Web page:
Wragge is the rare breed of shooter whose best spots are the deep wings, where he's absolutely lethal ... and for a guy who makes 50 percent of his overall treys, he remains unable to connect from the toes-on-the-line, top-of-the-key spot. It seems that he gets more accurate the farther he is away from the line.

(*One is not available on video, and its location may forever be unknown.)

Next three: 3/1 at Xavier, 3/4 at Georgetown, 3/8 vs. Providence

7 Kansas Jayhawks
Last Week: 8
Jayhawks freshman center Joel Embiid ranks 20th nationally in block percentage, at 11.9, and KU's defense keeps 52.1 percent of his blocks. This Block Matrix puts his numbers into context with the top six shot-blockers from Power Ranked teams (Cincinnati's Justin Jackson, Kentucky's Willie Cauley-Stein, Embiid, San Diego State's Skylar Spencer, Syracuse's Rakeem Christmas and Texas' Cameron Ridley), the national leader in block% (St. John's Chris Obekpa) and overall blocks (Arizona State's Jordan Bachynski):

Obekpa is in a class by himself, with a block% of 15.9 and a kept% of 65.5. More of Christmas' blocks (68.0 percent) are kept than anyone else's, and Ridley's blocks have the lowest impact, with more than half resulting in offensive rebounds for the opponent.

(Chart data from and

Next three: 3/1 at Oklahoma State, 3/5 vs. Texas Tech, 3/8 at West Virginia

8 Virginia Cavaliers
Last Week: 9
It's no shock that the Cavs have the most efficient defense in the ACC, but the fact that their offense ranks second in the league at 1.119 PPP -- ahead of everyone but Duke -- is one of the season's biggest surprises. Freshman point guard London Perrantes has a VanVleet-like 5.1-to-1 assist/turnover ratio in ACC games (only Duke backup Tyler Thornton is higher, at 5.7), and Virginia has the best in-conference three-point percentage, at 39.1. The emergence of guards Malcolm Brogdon and Perrantes as complementary long-range threats to senior star Joe Harris has opened up the offense, and has the Cavs one win away from locking up a share of the ACC regular-season title.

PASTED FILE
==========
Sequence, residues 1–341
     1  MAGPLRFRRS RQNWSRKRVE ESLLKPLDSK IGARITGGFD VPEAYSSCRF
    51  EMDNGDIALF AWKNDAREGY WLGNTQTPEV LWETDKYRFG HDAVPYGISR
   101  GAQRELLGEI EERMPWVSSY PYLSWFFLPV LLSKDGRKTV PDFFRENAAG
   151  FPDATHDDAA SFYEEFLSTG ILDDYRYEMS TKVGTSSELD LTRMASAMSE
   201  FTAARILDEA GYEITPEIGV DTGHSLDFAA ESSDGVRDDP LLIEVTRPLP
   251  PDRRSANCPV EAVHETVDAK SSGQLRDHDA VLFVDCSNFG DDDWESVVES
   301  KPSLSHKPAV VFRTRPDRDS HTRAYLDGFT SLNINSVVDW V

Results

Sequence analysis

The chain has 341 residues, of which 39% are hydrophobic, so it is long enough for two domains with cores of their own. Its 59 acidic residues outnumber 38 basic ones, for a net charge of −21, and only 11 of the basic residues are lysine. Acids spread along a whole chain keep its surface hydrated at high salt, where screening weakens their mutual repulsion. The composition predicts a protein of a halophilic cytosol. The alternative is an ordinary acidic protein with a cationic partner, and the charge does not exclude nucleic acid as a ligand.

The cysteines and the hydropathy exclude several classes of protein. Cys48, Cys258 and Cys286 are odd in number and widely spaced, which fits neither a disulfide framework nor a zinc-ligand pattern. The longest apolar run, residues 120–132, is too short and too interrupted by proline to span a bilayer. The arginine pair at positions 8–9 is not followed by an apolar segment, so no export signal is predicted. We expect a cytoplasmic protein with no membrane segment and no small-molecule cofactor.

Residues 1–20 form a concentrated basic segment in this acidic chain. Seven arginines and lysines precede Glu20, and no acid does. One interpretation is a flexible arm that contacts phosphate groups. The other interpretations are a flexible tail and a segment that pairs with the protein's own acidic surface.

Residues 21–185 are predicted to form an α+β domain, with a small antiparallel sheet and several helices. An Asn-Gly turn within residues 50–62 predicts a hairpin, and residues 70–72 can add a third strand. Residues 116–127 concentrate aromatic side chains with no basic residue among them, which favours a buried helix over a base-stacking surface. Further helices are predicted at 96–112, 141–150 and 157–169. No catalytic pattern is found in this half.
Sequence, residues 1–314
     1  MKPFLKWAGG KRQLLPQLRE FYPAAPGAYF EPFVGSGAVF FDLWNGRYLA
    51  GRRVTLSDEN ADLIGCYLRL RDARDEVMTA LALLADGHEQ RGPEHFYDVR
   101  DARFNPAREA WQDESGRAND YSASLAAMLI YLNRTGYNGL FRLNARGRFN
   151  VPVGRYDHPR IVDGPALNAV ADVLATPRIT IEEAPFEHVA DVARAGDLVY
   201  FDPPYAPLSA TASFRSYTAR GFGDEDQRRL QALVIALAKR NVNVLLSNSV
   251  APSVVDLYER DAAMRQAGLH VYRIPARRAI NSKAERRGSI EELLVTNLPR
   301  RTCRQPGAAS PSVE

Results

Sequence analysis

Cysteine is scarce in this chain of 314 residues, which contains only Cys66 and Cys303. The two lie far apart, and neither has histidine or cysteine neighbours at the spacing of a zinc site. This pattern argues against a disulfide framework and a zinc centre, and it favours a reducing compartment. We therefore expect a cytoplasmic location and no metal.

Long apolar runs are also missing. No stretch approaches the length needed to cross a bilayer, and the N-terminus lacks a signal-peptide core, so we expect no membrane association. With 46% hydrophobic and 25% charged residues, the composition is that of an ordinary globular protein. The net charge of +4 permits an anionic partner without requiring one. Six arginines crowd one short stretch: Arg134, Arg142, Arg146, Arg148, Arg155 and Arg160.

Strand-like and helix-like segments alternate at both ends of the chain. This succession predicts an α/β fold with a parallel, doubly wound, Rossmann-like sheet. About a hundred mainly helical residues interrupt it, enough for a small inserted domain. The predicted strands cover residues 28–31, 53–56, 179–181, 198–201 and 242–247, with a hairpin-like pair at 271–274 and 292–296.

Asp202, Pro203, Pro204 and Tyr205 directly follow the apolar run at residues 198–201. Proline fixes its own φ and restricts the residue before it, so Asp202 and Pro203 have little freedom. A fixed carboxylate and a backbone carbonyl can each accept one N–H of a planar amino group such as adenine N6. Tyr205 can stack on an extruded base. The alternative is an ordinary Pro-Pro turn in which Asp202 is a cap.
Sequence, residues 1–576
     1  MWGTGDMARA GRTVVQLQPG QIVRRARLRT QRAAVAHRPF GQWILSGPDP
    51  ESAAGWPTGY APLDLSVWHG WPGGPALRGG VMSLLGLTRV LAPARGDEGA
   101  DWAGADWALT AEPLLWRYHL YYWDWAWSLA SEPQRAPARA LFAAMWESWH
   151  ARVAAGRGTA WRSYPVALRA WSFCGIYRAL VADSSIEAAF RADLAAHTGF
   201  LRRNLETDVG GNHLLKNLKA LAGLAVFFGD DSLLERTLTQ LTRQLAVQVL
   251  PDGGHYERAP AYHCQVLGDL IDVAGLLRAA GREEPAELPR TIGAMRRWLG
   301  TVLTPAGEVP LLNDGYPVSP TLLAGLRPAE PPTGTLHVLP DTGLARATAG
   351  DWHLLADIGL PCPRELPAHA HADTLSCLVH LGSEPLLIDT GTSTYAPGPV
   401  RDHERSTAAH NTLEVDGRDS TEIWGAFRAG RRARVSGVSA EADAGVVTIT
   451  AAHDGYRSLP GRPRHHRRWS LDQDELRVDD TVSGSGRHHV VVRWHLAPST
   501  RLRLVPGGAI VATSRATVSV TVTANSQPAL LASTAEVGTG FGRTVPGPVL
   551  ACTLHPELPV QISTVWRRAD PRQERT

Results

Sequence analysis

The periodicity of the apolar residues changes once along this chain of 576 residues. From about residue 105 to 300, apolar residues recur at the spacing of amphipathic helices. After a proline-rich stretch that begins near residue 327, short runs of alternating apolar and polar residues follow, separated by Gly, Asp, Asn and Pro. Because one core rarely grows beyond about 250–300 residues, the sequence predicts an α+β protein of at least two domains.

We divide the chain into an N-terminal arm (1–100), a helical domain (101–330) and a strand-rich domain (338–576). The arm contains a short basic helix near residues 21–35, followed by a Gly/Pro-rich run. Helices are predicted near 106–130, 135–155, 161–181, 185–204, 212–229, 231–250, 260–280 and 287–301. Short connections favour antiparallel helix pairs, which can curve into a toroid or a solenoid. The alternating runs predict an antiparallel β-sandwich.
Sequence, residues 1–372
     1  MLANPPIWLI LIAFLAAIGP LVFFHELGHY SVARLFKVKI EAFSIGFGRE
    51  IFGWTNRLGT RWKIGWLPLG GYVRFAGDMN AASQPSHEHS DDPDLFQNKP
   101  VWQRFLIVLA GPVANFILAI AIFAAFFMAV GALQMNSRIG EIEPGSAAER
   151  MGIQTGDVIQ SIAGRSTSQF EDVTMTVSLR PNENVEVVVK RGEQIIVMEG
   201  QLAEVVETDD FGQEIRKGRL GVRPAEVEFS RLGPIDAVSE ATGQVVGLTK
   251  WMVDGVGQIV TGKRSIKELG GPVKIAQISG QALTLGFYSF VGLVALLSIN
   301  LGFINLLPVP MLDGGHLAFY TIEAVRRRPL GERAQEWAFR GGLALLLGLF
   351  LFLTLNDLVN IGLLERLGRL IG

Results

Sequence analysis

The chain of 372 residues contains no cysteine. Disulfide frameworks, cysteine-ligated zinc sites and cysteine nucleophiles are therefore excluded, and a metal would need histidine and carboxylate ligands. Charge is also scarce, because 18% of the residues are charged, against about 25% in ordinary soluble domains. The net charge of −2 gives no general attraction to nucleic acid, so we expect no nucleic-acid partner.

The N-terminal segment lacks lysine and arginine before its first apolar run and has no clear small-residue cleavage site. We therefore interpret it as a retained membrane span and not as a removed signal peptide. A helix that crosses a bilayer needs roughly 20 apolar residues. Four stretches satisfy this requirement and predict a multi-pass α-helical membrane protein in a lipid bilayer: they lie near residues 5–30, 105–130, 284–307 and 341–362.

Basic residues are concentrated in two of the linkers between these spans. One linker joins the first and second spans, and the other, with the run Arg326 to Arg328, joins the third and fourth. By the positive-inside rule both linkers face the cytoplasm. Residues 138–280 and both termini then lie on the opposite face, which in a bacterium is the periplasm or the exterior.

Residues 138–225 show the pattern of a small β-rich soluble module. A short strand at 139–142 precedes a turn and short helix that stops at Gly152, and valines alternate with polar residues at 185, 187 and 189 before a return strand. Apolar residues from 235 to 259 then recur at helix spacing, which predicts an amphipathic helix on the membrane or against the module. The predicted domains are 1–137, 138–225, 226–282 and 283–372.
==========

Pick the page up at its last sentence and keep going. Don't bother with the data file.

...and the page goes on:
Next three: 3/1 vs. Syracuse, 3/9 at Maryland, ACC tournament TBD

9 Wisconsin Badgers
Last Week: 12
This is not a brilliant play, by any means, but I saved it because it's representative of the Badgers' offensive success. Late in the second half on Tuesday, with the shot clock dipping under 10 seconds against Indiana's 2-3 zone, UW looked as if it might do what most offenses do in that situation: take a low-percentage, contested jumper out of an isolation. 

Except ... they improvised a quick action that engaged the whole weak side of the zone, resulting in a perfect drive-and-kick from Ben Brust to Traevon Jackson, and a dagger three as the clock expired. Smart stuff, Bucky.

Next three: 3/2 at Penn State, 3/5 vs. Purdue, 3/9 at Nebraska

10 Villanova Wildcats
Last Week: 11
Junior guard Darrun Hilliard is having a breakout season for the breakout Wildcats, serving as one of their best long-range shooters (39.7 percent on threes) and finishers around the rim (56.3 percent on twos). Something I did not know about him until reading David Jones' feature this week: Although Hilliard shoots threes left-handed, he does pretty much everything else righty. He was even a right-handed high-school quarterback. That's why you're more likely to see him use his right hand around the basket ... and that's why he's a confounding player to defend.

Next three: 3/2 vs. Marquette, 3/6 at Xavier, 3/8 vs. Georgetown

11 Saint Louis Billikens
Last Week: 10